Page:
Removing outliers will help you make the numerical results look better, certainly, but it will not help you to improve the accuracy of your forecast.
Here’s the thing. The outliers actually happened. These are actual use cases in your own business context and if you don’t take action to resolve the problems behind these outliers, they will inevitably happen again.
So, the first thing that needs to happen is for you to understand what they are. And for that purpose, you need to keep them visible, within your own data.
Just a side note here. The only scenario where it would make sense to remove data points is if they were caused by an error (regardless of whether they are outliers or not). However, since the outliers on your analytics are determined based on the activities on your board, chances are, not keeping your board up to date is an opportunity for improvement in itself.
Now, to make this explicit, if the points in your data set are not errors, you should never remove them!
How to Improve Your Forecasting Accuracy (Without the Need to Remove Outliers)
Instead, what you should do is analyze the outliers in your system and take action accordingly, so that you don’t make the same mistakes again.
One piece of advice I can give you, which served me so well in our journey towards sustainable predictability, is to perceive shortcomings as opportunities for improvement.
Behind every failure lies a lesson to be learned. The more you embrace it, the faster you’ll improve your performance.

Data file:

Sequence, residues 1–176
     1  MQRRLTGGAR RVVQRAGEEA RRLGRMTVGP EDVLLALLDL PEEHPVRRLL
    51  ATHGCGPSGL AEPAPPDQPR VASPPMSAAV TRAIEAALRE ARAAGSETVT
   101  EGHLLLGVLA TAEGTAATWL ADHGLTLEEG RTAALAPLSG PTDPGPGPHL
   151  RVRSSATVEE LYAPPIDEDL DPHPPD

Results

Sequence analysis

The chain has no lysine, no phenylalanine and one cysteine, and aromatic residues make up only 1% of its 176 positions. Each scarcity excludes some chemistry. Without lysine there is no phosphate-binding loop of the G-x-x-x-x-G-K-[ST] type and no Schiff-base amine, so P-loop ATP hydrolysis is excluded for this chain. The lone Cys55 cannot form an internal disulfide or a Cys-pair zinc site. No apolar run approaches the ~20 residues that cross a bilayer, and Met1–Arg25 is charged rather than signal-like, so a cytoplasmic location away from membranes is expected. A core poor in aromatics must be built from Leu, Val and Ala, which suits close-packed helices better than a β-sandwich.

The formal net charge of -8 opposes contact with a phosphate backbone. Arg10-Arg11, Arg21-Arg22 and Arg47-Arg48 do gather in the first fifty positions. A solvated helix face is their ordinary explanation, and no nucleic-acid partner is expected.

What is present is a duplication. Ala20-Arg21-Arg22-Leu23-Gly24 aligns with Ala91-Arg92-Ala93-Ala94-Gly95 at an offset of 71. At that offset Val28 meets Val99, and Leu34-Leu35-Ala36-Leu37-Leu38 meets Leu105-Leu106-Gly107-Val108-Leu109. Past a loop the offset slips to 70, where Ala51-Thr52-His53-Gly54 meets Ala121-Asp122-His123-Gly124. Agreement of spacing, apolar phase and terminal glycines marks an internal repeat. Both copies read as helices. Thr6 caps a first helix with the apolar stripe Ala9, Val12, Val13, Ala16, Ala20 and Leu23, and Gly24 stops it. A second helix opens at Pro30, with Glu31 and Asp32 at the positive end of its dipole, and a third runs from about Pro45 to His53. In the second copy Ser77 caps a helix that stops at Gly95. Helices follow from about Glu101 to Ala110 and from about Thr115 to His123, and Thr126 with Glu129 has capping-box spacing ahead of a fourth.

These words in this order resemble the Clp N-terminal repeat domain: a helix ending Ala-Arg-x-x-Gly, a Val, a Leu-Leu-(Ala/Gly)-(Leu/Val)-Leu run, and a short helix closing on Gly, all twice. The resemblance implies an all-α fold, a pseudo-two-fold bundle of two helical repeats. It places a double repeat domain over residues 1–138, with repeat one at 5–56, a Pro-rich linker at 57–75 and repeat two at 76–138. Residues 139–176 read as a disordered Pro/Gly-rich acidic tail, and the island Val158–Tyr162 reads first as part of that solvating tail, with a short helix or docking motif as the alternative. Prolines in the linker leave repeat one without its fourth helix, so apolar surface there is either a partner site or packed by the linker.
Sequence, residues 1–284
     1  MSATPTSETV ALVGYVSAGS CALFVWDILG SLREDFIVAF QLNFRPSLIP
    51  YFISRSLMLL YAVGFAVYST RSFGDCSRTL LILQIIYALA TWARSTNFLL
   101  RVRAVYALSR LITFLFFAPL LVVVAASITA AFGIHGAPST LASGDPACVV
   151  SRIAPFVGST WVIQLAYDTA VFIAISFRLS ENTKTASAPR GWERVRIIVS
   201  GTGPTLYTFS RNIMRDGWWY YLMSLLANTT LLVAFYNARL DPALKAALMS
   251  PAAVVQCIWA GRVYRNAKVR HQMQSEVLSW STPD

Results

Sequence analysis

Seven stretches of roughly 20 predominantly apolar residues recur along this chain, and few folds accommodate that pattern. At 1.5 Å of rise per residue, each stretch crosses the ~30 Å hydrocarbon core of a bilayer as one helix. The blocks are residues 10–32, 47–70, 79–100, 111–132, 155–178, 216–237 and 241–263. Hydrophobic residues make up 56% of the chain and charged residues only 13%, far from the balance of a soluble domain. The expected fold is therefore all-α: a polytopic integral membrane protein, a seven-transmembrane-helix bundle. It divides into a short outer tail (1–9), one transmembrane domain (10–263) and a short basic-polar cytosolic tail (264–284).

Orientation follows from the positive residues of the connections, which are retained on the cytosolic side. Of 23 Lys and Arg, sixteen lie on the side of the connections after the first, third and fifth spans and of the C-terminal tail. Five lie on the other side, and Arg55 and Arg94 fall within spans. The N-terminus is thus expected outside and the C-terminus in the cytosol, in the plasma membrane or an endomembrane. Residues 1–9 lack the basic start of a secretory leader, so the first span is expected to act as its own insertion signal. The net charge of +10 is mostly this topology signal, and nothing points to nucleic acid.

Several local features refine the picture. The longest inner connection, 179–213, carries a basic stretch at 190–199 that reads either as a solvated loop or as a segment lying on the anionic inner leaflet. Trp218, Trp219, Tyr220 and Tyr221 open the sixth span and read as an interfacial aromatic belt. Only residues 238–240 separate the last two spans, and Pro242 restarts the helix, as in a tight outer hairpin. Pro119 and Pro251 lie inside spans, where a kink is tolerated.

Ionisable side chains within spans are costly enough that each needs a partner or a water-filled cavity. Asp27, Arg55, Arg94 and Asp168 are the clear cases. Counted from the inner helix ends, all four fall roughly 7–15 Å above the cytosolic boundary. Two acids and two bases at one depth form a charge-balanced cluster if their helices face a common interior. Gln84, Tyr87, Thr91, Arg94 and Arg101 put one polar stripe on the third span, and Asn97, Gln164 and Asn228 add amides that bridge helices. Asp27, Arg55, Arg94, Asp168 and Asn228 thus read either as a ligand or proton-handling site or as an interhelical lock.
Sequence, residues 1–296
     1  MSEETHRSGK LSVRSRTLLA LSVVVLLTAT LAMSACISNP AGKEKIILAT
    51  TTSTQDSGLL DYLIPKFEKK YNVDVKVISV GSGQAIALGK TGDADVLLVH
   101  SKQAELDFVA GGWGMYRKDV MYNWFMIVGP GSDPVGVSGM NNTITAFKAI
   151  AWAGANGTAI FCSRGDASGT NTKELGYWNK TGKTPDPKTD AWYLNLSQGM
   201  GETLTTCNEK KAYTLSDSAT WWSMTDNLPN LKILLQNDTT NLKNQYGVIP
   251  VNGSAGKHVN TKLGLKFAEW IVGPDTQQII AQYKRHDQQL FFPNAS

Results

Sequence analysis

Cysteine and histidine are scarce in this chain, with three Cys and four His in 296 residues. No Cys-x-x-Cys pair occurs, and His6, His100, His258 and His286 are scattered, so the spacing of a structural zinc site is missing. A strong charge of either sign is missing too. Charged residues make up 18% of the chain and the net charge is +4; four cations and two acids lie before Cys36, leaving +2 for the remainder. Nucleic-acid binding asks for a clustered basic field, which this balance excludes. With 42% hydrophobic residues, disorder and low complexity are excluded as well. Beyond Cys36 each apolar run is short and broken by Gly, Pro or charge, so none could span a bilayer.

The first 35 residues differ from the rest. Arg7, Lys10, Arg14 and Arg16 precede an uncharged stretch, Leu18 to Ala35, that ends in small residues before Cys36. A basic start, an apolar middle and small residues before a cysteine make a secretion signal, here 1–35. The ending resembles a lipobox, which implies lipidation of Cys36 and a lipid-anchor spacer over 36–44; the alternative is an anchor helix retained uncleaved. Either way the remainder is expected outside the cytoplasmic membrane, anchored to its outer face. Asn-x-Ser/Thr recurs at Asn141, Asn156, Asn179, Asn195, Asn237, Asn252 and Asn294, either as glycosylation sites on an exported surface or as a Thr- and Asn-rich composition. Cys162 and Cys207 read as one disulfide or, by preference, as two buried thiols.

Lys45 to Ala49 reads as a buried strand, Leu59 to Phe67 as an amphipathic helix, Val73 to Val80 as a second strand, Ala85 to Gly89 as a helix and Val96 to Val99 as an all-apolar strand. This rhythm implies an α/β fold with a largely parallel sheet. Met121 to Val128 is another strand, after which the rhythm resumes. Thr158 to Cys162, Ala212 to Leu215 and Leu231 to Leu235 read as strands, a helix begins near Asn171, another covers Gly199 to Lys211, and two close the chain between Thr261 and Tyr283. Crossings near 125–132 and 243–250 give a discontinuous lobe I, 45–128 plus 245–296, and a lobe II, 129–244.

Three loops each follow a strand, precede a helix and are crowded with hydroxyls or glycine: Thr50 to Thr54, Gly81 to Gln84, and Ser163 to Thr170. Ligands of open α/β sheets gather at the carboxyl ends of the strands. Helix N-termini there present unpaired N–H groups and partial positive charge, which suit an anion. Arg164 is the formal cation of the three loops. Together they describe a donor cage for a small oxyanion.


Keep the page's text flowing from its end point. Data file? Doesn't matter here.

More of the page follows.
You need to know what the outliers are. Why did they appear? Ask the question: “What happened that this particular piece of work took an unpredictably long time to be delivered?”.
Each and every outlier should be analyzed from this perspective. Revealing the obstacles that hinder your delivery times and tweaking your management practices accordingly is exactly what will enable you to eliminate the outliers.
In order to improve the accuracy of your forecasts, your main focus should move towards optimizing your workflows for predictability.
It should move towards introducing the management principles and practices that will enable consistent delivery results. And integrating the process of evaluating and resolving the outliers in your data is a foundational step in this process.
Here is your action item: Analyze your Cycle Time Histogram regularly, (e.g. once a month, after delivery, etc). During the analysis, do two things: build up on the cycle time of the previous period and measure cycle time separately for the new cycle. This way you can compare how the improvements you introduced affect your cycle time distribution.
Do you still observe outliers? If you do, do they have the same root cause as before, or are there new challenges to be handled? How have the trends of your cycle time built since your last analysis? Do you observe improvement?
And if you’re struggling to improve your performance and you’re willing to explore the proven roadmap to building predictable workflows, I’d be thrilled to welcome you to our Sustainable Predictability program.
Simply removing outliers from your data set without understanding the root cause behind them doesn’t make sense. Instead, analyze each and every one of them regularly. Then, tweak your management practices to make sure you don’t end up in the same situation again.
This approach will not only improve the accuracy of your forecasting process, but it will also help you take one step further towards achieving sustainable predictability.
Meet the Author
Sonya Siderova is a passionate product manager and a driving force behind Nave, a Kanban analytics suite that helps teams improve their delivery speed through data-driven decision making. When she's not catering to her two little ones, you might find Sonya absorbed in a good heavyweight boxing match or behind a screen crafting a new blog post.